It could also be "appropriate" for them to reach the opposite conclusion, of course, but he doesn't need to spell that out to battle-hardened chaplains who deal with death every day.
Archbishop O'Brien's letter does not constitute an endorsement of the war. Far from it. What it constitutes is a shot across the bow of the cadres who have conjured up this conquest in secret. "This debate will continue," he warns, and "all factors which have led to our intervention will eventually be made public."
Archbishop O'Brien's letter, when viewed in light of John Paul II's condemnation of the war as immoral, and Bishop Botean's warning about grave mortal sin, constitute a dire warning. The archbishop hopes that "all factors" will be brought to light in the debate, and I hope he is right. But Catholics believe that Christ, the author of all truth, is the light of the world. The Archbishop wants to shed that light into all the secret corners of duplicity and pride. The Prince of Darkness will not be pleased; he will fight that with every fiber of his infernal being.
Once all the facts and agendas are revealed, what if the debate reveals that the war was illegitimate after all? The issue of legitimacy was raised already in 1996, when the Catholic periodical "First Things" featured a variety of articles addressing the question, is the American government still legitimate? The particular question centered on the imperial judiciary, and focused on the Supreme Court's legalization of abortion on demand. But the drama went much further than the abortion debate. Here were some of the finest Catholic minds in America, calmly discussing whether we owed any allegiance to our national government at all, and whether it might be a good time to have a revolution.
An uproar ensued. Boston University sociologist Peter Berger resigned from the board of the journal, as did the writer and critic, Gertrude Himmelfarb. She wrote a letter to Father Richard Neuhaus, the editor, asserting the abiding legitimacy of the U.S. government, using first the radical left as her foil, and then the evil Moslems:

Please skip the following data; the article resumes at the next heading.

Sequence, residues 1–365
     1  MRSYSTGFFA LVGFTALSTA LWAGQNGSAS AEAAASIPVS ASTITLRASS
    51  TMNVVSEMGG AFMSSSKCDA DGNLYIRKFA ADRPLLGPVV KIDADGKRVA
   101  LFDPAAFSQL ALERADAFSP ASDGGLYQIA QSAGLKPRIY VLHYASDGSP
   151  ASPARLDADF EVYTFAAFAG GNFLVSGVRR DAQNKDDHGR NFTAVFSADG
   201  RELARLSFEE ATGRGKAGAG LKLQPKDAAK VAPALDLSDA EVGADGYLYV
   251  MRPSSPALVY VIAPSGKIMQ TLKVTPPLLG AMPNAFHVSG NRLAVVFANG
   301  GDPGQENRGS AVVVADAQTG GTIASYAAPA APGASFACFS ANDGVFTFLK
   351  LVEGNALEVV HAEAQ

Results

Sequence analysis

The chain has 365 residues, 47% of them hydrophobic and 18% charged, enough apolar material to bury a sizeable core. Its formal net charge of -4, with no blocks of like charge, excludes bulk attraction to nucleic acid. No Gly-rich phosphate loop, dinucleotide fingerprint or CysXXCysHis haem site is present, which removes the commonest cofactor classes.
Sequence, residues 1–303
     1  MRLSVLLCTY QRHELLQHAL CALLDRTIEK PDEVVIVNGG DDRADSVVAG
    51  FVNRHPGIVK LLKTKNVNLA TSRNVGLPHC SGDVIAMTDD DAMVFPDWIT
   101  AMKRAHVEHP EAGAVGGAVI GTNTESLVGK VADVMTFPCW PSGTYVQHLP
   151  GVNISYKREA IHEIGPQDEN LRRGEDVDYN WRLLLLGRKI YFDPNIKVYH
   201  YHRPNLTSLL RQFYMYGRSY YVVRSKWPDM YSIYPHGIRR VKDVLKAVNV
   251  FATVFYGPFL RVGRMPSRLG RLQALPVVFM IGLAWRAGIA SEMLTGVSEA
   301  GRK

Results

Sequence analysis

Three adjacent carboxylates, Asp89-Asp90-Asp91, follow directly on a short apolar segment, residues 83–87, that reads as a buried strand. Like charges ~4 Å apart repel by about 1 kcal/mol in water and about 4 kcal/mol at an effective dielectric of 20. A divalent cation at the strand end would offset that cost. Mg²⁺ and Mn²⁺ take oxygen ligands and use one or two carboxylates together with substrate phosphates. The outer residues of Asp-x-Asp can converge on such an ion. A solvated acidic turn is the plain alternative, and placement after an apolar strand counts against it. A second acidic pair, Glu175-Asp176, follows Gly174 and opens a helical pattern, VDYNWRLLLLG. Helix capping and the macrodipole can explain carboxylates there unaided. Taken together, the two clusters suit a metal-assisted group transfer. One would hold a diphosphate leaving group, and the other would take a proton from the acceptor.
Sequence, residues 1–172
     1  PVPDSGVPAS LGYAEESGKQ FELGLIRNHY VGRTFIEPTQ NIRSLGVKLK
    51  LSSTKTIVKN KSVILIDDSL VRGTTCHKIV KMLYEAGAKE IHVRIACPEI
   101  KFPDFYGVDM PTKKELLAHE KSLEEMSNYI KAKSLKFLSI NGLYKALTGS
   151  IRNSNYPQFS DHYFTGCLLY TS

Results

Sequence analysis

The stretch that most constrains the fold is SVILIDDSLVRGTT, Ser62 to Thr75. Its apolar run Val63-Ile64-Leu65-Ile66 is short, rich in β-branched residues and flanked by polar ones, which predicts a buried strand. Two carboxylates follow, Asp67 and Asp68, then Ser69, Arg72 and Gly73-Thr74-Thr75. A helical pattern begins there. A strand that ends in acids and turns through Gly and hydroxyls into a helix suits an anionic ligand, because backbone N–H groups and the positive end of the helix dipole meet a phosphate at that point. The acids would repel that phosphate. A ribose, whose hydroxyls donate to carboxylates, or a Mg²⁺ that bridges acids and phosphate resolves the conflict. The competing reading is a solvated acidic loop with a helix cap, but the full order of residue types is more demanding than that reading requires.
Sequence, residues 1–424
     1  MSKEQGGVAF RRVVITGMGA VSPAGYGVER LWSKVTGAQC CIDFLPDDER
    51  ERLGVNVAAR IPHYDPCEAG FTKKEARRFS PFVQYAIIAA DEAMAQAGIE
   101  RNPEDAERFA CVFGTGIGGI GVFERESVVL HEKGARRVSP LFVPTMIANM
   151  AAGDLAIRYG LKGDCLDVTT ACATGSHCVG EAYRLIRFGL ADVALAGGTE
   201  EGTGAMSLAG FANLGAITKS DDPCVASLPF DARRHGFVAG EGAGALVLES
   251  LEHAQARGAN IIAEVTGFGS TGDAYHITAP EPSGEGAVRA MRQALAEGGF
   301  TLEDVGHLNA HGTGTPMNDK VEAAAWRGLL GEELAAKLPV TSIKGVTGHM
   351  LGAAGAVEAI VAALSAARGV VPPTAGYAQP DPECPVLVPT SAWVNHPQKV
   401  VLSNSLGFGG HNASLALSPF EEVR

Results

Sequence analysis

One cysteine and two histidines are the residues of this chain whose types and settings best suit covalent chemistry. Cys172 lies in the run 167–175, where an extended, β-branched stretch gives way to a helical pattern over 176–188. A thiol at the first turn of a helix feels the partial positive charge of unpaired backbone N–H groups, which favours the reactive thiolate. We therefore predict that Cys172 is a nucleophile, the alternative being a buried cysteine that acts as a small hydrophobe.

Slavery did not illegitimize the Founding, as some radical historians suggest. Nor did the Vietnam War (an "unjust war," many claimed) illegitimize the government of that time. By the same token, the appalling errors of the present judiciary (in respect to abortion particularly) do not illegitimize the government today. If abortion is the litmus test of a moral law that cannot be violated by positive law, then all of the Western democracies that legalize abortion — and do so by the legislative rather than judicial process — are illegitimate. (Indeed, the only legitimate governments would be Iraq, Iran, and the like.) [emphasis added]
Stunning. Iraq might be a legitimate government under Saddam! Bill Kristol (Himmelfarb's son), call home!
But she was not serious. Catholics, on the other hand, are very serious. We consider abortion to be an issue that can threaten, if not destroy, the very legitimacy of our government. Today the United States is leading a bloody battle to revolutionize the Iraqi regime — and, if the most fervent warriors have their way, our armies will attack as many other regimes as they can topple in the Middle East. Yet, the first item our military governors will deliver to these countries as part of the new American-led political administration is — abortion.
Ms. Himmelfarb is correct. Iraq, Iran, and other Islamic societies do not permit abortion. But if our "success" in Afghanistan is any indication, American government "aid" agencies will be plying Iraqis with abortifacients, abortion counseling, and abortion itself, all as part of our ubiquitous and mandatory "family planning" programs funded by the U.S. taxpayer.
Ironically, American Catholics whose bravery and blood bring "freedom" to Iraq might find revolting just how the U.S. Government-imposed regime proceeds to "liberate" Iraqi society. In Saddam they had a secular Stalinist. In Uncle Sam they will have a secular American apparat that will consider Iraq its playground for social and cultural experimentation and control. Already bureaucrats at State and Defense are fighting to see whose prime movers get the choice spots. There they can practice for their future role in running the Brave New World as America liberates one evil kingdom after another.
Ah, to be queen for a day! Perhaps it can best be visualized as one massive American government school that features remedial education for brutalized students with a backward religion, people who are desperate for modernization — whatever is "appropriate" for westernization.
Late in the afternoon of September 11, 2001 came the electrifying news that Brittney Spears had cancelled her worldwide tour. Since last fall, American government "Radio Sawa" has been beaming thug rock and rap music to Iraq. If our bureaucrats are successful in their campaign for Iraqi pacification, Catholics in the military can heave a sigh of relief. It was worth it all. Ms. Spears's first Baghdad concert will certainly not be far behind.
April 5, 2003
Christopher Manion [send him mail] writes from the Shenandoah Valley in Virginia.
Copyright © 2003 LewRockwell.com